Tom Morris, band council employee, told the students and others attending the September 18th meeting that, "No agreement has been signed and will not be without the peoples' consent". This is not true as in a letter dated April 28, 1997 Joseph Norton signed a letter to Archer Daniels Midland stating , "This is a confirmation that Archer Daniels Midland personnel and contractors will be working at the site of the grain storage facility - Kahnawake Distribution Centre - pursuant to our agreement. ...this letter serves as notice of our approval for ADM personnel and contractors under the supervision of ADM to undertake all necessary work at the site". Anyone who visits the site behind the school will find workers busy with construction, clearing, and trailers already set up full of workers, machines and papers. In the meantime Mohawk People are given 2 weeks to look at an environmental impact report to made a decision on the project.

Apparently, there are several relevant organizations who should be contacted, such as the Canadian Grain Commission, to find out just what kind of standards and regulations apply elsewhere. Apparently there are suppose to be public hearings before such a project is approved. If ADM goes ahead and builds the silos, and the findings of the public hearings go against the project, will the project have to be torn down. What about other organizations such as the Hazardous Materials Information Review Commission? Could you send us a copy of "Hazardous Materials Information Review Act, TSC 1985, chap. H-2.7. Would you also suggest the Minister of Transport be informed regarding the "Transportation of Dangerous Goods". It appears ADM got a permit from the band council in order to get around the regulations, studies and public hearings that would apply elsewhere. The band council has no standards and does not even go to the people who own the land for their permission. Could you tell us if there are suppose to be public hearings and whether they need a license to run elevators under the Canada Grain Act.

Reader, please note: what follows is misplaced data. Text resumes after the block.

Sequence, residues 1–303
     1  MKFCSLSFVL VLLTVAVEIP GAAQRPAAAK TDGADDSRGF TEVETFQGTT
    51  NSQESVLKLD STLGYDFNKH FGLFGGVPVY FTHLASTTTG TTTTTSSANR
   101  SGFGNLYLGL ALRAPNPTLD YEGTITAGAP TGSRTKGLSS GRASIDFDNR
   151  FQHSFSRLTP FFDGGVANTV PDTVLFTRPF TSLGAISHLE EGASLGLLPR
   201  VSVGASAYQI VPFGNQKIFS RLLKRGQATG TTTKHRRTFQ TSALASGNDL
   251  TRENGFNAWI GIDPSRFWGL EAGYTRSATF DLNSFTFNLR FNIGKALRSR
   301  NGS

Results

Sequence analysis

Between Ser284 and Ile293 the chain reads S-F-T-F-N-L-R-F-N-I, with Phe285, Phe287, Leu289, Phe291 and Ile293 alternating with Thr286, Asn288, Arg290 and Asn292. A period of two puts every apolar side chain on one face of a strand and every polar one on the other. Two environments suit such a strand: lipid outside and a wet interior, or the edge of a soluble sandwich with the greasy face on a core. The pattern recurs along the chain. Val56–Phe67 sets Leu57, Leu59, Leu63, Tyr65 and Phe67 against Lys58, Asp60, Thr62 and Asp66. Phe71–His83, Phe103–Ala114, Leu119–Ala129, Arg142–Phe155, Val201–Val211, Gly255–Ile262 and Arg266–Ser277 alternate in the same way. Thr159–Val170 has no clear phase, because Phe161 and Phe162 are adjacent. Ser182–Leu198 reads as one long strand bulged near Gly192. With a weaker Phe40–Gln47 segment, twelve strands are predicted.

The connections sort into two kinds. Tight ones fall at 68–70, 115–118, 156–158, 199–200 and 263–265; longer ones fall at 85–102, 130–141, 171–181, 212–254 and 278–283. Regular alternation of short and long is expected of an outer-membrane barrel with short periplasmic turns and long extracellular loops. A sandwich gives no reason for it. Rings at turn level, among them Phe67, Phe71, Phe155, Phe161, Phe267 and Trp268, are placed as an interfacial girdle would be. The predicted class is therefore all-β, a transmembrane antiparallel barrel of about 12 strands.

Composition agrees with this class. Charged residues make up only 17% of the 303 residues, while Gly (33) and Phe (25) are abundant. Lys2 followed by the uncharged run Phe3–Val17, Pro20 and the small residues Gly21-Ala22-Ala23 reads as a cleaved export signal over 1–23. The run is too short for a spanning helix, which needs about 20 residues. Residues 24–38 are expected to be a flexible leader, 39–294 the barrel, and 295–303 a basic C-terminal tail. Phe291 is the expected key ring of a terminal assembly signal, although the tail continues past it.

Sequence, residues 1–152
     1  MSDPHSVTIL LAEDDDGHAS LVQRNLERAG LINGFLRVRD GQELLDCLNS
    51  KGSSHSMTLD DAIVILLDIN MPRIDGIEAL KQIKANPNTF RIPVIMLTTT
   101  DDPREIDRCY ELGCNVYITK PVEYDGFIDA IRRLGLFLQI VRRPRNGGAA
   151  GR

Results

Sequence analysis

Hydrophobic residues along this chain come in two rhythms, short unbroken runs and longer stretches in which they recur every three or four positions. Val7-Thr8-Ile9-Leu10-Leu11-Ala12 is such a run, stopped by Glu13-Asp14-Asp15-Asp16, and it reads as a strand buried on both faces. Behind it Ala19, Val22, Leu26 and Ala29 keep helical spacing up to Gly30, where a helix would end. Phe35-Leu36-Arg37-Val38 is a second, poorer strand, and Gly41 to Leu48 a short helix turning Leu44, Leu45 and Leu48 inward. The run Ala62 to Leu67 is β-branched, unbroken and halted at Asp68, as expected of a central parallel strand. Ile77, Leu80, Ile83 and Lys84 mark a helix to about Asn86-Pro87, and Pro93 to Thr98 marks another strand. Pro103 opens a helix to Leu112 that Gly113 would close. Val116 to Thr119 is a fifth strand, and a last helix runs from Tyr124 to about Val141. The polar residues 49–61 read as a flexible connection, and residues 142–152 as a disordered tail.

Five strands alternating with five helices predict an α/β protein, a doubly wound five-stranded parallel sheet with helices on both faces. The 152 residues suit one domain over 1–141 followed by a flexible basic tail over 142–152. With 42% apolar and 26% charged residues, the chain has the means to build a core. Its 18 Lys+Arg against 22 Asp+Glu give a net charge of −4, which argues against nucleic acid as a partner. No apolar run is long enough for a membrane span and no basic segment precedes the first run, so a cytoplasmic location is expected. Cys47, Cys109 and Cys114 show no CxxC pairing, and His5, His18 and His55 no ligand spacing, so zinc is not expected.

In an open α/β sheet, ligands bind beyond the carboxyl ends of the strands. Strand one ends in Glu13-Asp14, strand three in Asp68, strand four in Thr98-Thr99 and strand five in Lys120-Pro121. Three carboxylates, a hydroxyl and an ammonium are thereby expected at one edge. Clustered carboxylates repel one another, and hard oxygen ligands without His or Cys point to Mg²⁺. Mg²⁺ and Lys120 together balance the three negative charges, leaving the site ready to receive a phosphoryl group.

As the Royal Proclamation applies throughout Canada, this project may be a breach of the fiduciary responsibility of the Canadian government, which must make sure that duly formed meetings are called and that informed consent was given by the people. Also, the environmental impact report was not done properly as to the impacts on the people, culture, social, economic and environment. We are alarmed over the total disregard for the rights of the people. We ask that you act to stop this project without delay as it is schedule to start in one week. Your response to my letter is necessary and required.

Yours truly,

Kahn-Tineta Horn

cc: Hon. Preston Manning, Reform Party
    Jean Charest, Progressive Conservative Party
    Gilles Duceppe, Bloc Quebecois
    Alexa McDonough, New Democratic Party

In a further note, Kahn-Tineta requested that we post the following as well:

Archer Daniels Midland is one of the biggest food cartels in the world.

Does anybody know anybody who has ever fought against the building of some industrial project on Indian lands and stopped it successfully? Does anyone have any information or ideas on how we can get this huge multinational food cartel off our territory? Any assistance or advice would be appreciated.

Please reply directly to Kahn-Tineta Horn at